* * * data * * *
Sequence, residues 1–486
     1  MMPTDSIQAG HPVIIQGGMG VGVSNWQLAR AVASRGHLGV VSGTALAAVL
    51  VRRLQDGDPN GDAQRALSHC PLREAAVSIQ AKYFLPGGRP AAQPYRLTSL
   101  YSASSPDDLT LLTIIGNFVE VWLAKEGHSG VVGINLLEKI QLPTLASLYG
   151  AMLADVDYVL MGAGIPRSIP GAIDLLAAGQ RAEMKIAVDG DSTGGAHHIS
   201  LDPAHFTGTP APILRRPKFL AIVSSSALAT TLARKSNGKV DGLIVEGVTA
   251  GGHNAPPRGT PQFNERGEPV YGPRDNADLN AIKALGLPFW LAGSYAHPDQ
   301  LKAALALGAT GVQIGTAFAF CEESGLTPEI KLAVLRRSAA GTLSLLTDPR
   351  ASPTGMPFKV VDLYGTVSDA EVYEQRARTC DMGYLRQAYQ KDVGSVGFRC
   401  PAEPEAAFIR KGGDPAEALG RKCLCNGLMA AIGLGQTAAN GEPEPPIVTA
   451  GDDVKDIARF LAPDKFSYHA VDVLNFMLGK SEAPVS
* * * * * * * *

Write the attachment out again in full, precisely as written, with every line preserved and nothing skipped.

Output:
Sequence, residues 1–486
     1  MMPTDSIQAG HPVIIQGGMG VGVSNWQLAR AVASRGHLGV VSGTALAAVL
    51  VRRLQDGDPN GDAQRALSHC PLREAAVSIQ AKYFLPGGRP AAQPYRLTSL
   101  YSASSPDDLT LLTIIGNFVE VWLAKEGHSG VVGINLLEKI QLPTLASLYG
   151  AMLADVDYVL MGAGIPRSIP GAIDLLAAGQ RAEMKIAVDG DSTGGAHHIS
   201  LDPAHFTGTP APILRRPKFL AIVSSSALAT TLARKSNGKV DGLIVEGVTA
   251  GGHNAPPRGT PQFNERGEPV YGPRDNADLN AIKALGLPFW LAGSYAHPDQ
   301  LKAALALGAT GVQIGTAFAF CEESGLTPEI KLAVLRRSAA GTLSLLTDPR
   351  ASPTGMPFKV VDLYGTVSDA EVYEQRARTC DMGYLRQAYQ KDVGSVGFRC
   401  PAEPEAAFIR KGGDPAEALG RKCLCNGLMA AIGLGQTAAN GEPEPPIVTA
   451  GDDVKDIARF LAPDKFSYHA VDVLNFMLGK SEAPVS